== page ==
The Year of Magical Thinking
When Vanessa Redgrave left the stage at the end of the 100- minute monologue that is The Year of Magical Thinking there was a profound silence.
Then a sustained, almost reverential, applause rippled around the theatre as the audience stood in tribute to a superlative performance and an intensely moving piece of theatre.
The play, written by Californian author Joan Didion, is an exploration of one woman’s grief – Joan’s own.
It is based on the book of the same name that Joan wrote after the sudden death of her husband, the author and screenwriter John Gregory Dunne.
But it is also something more, for by the time she met director David Hare with a view to writing the play, her only daughter Quintana had also died, aged just 39.
“Grief turns out to be a place none of us know until we reach it,” she says. The Year of Magical Thinking explores helplessness in the face of loss, the attempts to remain in control, and the descent into what Joan calls the vortex – driving round Los Angeles, avoiding any place that might trigger memories, performing routines that might keep her daughter safe.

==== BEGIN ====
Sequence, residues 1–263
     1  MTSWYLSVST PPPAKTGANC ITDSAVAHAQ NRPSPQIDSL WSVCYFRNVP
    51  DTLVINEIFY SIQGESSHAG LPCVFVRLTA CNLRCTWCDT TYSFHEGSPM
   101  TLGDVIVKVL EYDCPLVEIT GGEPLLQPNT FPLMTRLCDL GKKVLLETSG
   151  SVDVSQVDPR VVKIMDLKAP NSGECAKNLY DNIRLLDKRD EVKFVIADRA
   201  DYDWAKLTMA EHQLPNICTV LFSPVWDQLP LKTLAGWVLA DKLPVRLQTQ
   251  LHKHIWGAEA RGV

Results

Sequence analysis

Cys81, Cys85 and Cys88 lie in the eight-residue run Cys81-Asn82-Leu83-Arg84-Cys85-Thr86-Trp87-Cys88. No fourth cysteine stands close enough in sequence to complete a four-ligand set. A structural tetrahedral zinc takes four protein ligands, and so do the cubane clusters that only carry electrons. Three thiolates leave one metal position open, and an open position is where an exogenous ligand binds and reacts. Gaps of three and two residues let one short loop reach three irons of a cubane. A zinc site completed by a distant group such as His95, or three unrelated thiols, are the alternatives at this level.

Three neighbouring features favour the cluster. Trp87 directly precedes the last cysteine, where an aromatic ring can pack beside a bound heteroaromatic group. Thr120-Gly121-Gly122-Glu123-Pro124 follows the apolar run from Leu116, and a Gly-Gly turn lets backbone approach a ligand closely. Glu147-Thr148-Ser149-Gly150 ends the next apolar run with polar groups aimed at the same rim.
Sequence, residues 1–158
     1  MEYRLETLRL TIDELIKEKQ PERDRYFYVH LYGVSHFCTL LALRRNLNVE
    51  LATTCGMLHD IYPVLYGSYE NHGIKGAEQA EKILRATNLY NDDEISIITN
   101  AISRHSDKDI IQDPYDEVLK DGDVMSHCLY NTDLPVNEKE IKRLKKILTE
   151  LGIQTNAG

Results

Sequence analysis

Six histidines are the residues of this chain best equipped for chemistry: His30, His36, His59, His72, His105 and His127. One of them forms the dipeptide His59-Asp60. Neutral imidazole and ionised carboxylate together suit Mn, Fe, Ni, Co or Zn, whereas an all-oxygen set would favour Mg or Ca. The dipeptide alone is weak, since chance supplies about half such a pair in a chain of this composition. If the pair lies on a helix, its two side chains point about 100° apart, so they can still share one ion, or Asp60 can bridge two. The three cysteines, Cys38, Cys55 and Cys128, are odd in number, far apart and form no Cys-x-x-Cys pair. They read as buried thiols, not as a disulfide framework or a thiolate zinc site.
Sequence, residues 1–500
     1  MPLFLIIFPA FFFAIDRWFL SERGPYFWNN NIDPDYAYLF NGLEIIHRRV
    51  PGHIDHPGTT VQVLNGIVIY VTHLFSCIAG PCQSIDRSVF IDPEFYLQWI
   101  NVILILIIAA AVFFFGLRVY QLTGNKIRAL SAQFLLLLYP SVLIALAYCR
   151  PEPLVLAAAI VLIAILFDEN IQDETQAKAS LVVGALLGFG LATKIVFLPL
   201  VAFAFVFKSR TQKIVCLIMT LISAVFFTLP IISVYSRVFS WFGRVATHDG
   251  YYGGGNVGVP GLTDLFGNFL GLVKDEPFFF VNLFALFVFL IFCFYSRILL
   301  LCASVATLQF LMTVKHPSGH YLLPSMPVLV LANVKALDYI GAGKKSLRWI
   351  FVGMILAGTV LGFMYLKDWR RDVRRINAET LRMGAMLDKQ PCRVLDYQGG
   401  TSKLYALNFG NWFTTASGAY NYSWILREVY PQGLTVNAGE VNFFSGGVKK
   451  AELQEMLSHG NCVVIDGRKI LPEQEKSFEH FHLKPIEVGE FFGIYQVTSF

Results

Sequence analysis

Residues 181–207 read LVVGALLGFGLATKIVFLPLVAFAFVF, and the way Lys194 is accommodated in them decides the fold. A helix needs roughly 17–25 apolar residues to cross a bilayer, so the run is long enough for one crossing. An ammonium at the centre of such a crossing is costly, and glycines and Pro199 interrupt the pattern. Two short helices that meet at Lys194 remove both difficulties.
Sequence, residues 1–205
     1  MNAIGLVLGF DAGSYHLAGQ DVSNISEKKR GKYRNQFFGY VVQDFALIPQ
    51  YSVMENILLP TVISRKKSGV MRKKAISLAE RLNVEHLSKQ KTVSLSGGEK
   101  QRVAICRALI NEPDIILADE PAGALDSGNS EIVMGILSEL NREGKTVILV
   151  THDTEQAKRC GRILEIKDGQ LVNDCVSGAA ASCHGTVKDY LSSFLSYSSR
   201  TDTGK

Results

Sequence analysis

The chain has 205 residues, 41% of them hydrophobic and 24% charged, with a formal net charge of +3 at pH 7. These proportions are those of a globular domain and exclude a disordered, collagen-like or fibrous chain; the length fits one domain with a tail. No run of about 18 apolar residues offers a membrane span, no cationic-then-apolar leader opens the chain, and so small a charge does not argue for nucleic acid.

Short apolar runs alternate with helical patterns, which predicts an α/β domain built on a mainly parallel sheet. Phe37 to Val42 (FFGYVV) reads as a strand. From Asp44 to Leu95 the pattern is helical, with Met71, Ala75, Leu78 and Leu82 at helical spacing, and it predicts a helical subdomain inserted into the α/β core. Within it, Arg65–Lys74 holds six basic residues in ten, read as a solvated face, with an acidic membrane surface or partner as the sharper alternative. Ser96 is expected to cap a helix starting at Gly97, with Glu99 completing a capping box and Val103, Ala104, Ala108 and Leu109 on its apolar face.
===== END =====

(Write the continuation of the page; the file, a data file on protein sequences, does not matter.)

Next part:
It sounds demanding – and it is – it is even confrontational.
“And it will happen to you. The details will be different, but it will happen to you. That’s what I’m here to tell you,” she says. But there is also much humour and in many ways it is a celebration of love.
Vanessa Redgrave’s one-woman performance is stunning throughout and the simple set could not be bettered. There is nothing to distract from the power of the words. This is a play not to be missed.
For tickets call the Theatre Royal Bath on 01225 448844.
magicalJoan Didion, left, and Vanessa Redgrave
(c) 2008 Bath Chronicle, The. Provided by ProQuest LLC. All rights Reserved.